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Q. I have three kids and someone is always sick. Yet now I read that I’m not supposed to give them over-the-counter cold medicines. Why not? What should I do instead?

A. The season for sneezing has arrived. The best way to prevent a cold is to stay away from others with colds. (Good luck with that.) Fortunately, most colds are short-lived, lasting seven to 14 days. The trouble is, toddlers and school-age children get eight to 12 colds a year — and typically, they pack those illnesses into about eight months time.

Battling a cold consumes a lot of energy, so rest is important — as is fluid, because war makes cells thirsty. There are anecdotal reports of other remedies to help fight colds, like megadoses of vitamin C, zinc, echinacea, etc. However, none holds up very well under the scrutiny of scientific investigation and can even pose some risks for harm when used in children.

So the best we can do is to relieve symptoms, while allowing time for rest and recovery.

Fever and aches respond best to medicines that block the inflammatory chemicals being produced by the infected tissues. The best example of this type of medicine is ibuprofen. Never use actual aspirin in children — it doesn’t play nicely with viruses in a child. Acetaminophen can help cool things down, although it doesn’t do much for the aches and fatigue.

You can consider the mucus that accompanies a cold to be the carnage of the war between the immune system and the virus. That mucus can threaten the airway of the host; fortunately, coughing moves the mucus up and out. So although we don’t want to suppress the vital cough reflex, it is OK to reduce the need to cough by reducing the amount of mucus hanging around. For example, blowing a nose (tough to do if you are an infant), or gently suctioning a nose can help reduce the juiciness. Thinning mucus with saline drops or a humidifier can also help. In younger children, there may be mucus deeper in the chest that humidified air can help thin. Elevating the head of the bed or crib can also reduce pooling of secretions that can lead to gagging and subsequent cough.

There are many over-the-counter medicines that attempt to address various symptoms of the common cold. Some claim to be cough suppressants, but these are hardly potent enough to actually suppress the powerful cough reflex — for that, you need narcotics like codeine. There are expectorants that, strangely enough, actually work by inducing production of additional secretions, which in turn may have a thinning effect on thicker secretions already present. There are antihistamines and decongestants, often served up together, which attempt to reduce production of mucus and have a drying effect on mucus membranes.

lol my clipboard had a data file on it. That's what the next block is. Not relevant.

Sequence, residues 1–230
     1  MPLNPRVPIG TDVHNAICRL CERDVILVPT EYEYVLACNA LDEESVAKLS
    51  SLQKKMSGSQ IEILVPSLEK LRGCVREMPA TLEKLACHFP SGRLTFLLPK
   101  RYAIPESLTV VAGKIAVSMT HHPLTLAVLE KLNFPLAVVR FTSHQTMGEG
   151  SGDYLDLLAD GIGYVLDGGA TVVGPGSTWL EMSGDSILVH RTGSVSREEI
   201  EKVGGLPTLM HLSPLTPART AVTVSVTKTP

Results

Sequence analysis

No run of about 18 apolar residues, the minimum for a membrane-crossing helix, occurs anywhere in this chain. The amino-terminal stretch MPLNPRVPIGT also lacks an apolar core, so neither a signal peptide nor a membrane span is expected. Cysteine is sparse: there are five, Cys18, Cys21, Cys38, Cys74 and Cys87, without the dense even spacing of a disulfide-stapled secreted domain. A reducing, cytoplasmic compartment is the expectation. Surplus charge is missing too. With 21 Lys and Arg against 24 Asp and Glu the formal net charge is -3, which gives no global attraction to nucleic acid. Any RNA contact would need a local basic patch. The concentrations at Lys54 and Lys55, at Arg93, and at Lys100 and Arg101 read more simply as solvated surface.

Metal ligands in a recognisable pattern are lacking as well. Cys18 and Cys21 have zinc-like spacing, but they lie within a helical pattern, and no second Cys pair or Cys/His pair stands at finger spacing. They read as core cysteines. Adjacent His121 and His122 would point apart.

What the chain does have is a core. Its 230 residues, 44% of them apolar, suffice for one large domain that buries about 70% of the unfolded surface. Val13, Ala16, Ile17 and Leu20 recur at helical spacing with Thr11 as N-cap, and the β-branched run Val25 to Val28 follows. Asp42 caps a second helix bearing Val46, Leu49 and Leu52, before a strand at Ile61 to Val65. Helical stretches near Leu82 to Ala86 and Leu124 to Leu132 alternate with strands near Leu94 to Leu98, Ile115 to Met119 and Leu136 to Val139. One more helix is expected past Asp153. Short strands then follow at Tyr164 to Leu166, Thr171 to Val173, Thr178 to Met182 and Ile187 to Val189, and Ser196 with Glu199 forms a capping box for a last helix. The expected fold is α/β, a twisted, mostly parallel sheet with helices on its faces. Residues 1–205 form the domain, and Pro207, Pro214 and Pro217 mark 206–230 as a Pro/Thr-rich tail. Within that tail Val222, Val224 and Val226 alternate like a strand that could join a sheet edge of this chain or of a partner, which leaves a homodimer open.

Recently, however, the FDA recommended that children younger than 6 not be given any over-the-counter cold medicines. They gave two reasons: There is excellent evidence that thousands of children every year are brought to emergency rooms due to misuse of these medicines, usually because of overdose. Additionally, there is a lack of evidence to suggest any of these medicines are helpful. This doesn’t mean they are not actually helpful in some cases, just that there is no evidence to prove it. And there are a few studies, although small and significantly flawed, that suggest that these cold remedies are no better than a placebo in the treatment of colds.

Yet these medicines remain on the grocery store shelves, staring down at desperate, sleep-deprived parents, without any guidelines for dosing children. It defies logic that this is the plan to reduce the risk of overdose. But until some better studies come out proving certain OTC medications are safe and effective in children, you will have to confer with your child’s care provider for guidance regarding their use.

In some cases, the common cold sets up a perfect environment for a bacterial infection. This is often the case with ear and sinus infections and pneumonia. For these conditions, or for a prolonged cough or a cough associated with distress, wheezing or a barking sound, your child should be seen in the office.

Matt Thompson is a pediatrician at the Kid’s Clinic in Spokane.

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